review: psycho therapy

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Psycho Therapy

by Frank Strausser
Featuring Angelica Page and Jeffrey Carlson
Cherry Lane Theatre, 38 Commerce Street
February 7, 2012 — February 25, 2012
production web site

Reviewed by Martha Wade Steketee
February 4, 2012

(L-R) Jan Leslie Harding, Laurence Lau, Angelica Page, Jeffrey Carlson. Photo by Carol Rosegg.

Psycho Therapy is deliciously designed (set by Michael V. Moore, sound by Amy Altodonna and composer Allison Leyton-Brown). The often charming actors are able and willing to flit and stomp and scowl and prance (with no director but a fight director, Rick Sordelet, credited). What fails to dance in any way is the language and the plot in this script intended to be a comedy hinting at a middle-aged child-woman’s resistance to commit, and a middle-aged therapist’s subversion of her own physical desires through chocolate. In the end, the intermission-less romp feels like a slam-my and predictable view into entitled people’s lives.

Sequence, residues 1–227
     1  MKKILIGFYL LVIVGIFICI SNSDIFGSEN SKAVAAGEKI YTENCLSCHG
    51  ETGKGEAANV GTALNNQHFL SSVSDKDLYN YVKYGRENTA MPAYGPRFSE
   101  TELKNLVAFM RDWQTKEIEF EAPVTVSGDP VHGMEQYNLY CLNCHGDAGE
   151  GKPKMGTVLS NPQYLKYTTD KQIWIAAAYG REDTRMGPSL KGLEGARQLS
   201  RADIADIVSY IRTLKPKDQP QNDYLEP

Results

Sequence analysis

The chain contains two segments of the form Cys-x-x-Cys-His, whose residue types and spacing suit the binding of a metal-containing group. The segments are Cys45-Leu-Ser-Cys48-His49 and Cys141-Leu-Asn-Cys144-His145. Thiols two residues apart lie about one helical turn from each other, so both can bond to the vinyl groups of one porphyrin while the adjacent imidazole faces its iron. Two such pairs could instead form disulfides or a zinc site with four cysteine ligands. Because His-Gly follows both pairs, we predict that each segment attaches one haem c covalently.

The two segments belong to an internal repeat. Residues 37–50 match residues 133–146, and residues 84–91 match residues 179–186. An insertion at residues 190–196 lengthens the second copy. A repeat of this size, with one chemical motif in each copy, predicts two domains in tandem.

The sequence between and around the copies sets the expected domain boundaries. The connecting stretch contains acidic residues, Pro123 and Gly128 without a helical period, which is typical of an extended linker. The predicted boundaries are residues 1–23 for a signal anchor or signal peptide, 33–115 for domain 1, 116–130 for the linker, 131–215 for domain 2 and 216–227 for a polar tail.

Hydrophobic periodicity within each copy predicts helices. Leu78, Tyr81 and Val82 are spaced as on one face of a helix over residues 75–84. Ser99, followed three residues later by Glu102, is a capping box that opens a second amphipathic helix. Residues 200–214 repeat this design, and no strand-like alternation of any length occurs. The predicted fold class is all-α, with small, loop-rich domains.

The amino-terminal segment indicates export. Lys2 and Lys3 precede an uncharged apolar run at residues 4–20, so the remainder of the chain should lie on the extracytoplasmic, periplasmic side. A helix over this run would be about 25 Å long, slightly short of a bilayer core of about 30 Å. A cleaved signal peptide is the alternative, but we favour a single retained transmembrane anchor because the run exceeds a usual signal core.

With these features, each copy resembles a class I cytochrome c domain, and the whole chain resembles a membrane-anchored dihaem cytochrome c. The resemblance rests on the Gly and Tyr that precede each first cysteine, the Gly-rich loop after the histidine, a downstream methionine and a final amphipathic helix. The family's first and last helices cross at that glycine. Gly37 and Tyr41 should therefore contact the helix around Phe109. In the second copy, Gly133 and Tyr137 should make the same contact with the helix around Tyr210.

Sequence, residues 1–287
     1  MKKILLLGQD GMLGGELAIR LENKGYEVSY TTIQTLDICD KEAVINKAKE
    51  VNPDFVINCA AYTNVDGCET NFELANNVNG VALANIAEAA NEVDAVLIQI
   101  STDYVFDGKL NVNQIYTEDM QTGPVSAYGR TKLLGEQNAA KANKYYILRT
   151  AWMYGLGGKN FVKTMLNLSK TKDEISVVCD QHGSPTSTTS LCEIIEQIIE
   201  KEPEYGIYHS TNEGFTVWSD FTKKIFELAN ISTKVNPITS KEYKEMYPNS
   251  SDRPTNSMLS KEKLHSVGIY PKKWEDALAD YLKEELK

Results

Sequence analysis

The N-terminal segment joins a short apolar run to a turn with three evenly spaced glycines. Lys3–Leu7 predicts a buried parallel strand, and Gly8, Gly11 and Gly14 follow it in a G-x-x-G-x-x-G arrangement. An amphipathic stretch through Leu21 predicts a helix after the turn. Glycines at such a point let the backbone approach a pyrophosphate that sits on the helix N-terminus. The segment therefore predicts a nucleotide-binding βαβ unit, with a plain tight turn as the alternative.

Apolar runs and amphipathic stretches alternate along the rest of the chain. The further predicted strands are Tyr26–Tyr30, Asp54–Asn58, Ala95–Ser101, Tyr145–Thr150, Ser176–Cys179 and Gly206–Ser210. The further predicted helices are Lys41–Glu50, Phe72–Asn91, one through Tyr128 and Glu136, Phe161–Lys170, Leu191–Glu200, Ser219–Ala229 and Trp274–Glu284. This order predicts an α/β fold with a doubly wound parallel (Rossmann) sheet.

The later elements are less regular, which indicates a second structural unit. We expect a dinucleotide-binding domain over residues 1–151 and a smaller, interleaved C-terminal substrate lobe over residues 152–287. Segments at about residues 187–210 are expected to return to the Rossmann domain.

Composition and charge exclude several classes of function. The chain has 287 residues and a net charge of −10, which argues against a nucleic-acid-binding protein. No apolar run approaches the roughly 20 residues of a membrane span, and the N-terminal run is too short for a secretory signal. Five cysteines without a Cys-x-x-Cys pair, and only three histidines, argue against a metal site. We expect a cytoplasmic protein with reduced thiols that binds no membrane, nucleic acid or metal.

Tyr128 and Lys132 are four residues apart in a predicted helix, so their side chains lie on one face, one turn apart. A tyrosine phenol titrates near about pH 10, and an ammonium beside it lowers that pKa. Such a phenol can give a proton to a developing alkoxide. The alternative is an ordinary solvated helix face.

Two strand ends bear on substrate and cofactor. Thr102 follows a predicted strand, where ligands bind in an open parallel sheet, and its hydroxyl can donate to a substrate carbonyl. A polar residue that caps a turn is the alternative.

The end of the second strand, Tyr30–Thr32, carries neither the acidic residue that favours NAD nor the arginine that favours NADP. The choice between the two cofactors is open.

Nancy (Jane Leslie Harding) prepares for a new patient by making some last-minute phone calls to other patients and trying not to eat the fancy chocolates she has brought to the office to tempt herself. This, unfortunately, is a recurring theme. Lily (Angelica Page) arrives before her partner Philip (Laurence Lau), and Nancy attempts to hold her off. Soon a man Nancy assumes to be Philip marches in, and we all assume he indeed who he says he is for a while despite Lily’s odd reaction to him.  We soon discover that he is Dorian (Jeffrey Carlson), Lily’s boy toy, a trust fund baby with money and no occupation and a passion for Lily. Philip eventually shows up and how everyone finds out about everyone else is the essence (and limit) of the energy of this plot.

At moments one hopes there might be some fun energy fully acknowledging the age difference between Lily and Dorian (as in the Doctor-receptionist middle-aged pair in Cactus Flower lurking around the edges of a May-December romance that eventually fizzles) or some honest revelation for the therapist. These plot points, alas, are not part of this package. We spend time in the confusions and simple situations and challenges of the after effects of the wrong person coming through a door at a particular time and lies concocted to cover that up. And no one evolves. And we wonder what the point has been.

© Martha Wade Steketee (February 8, 2012)

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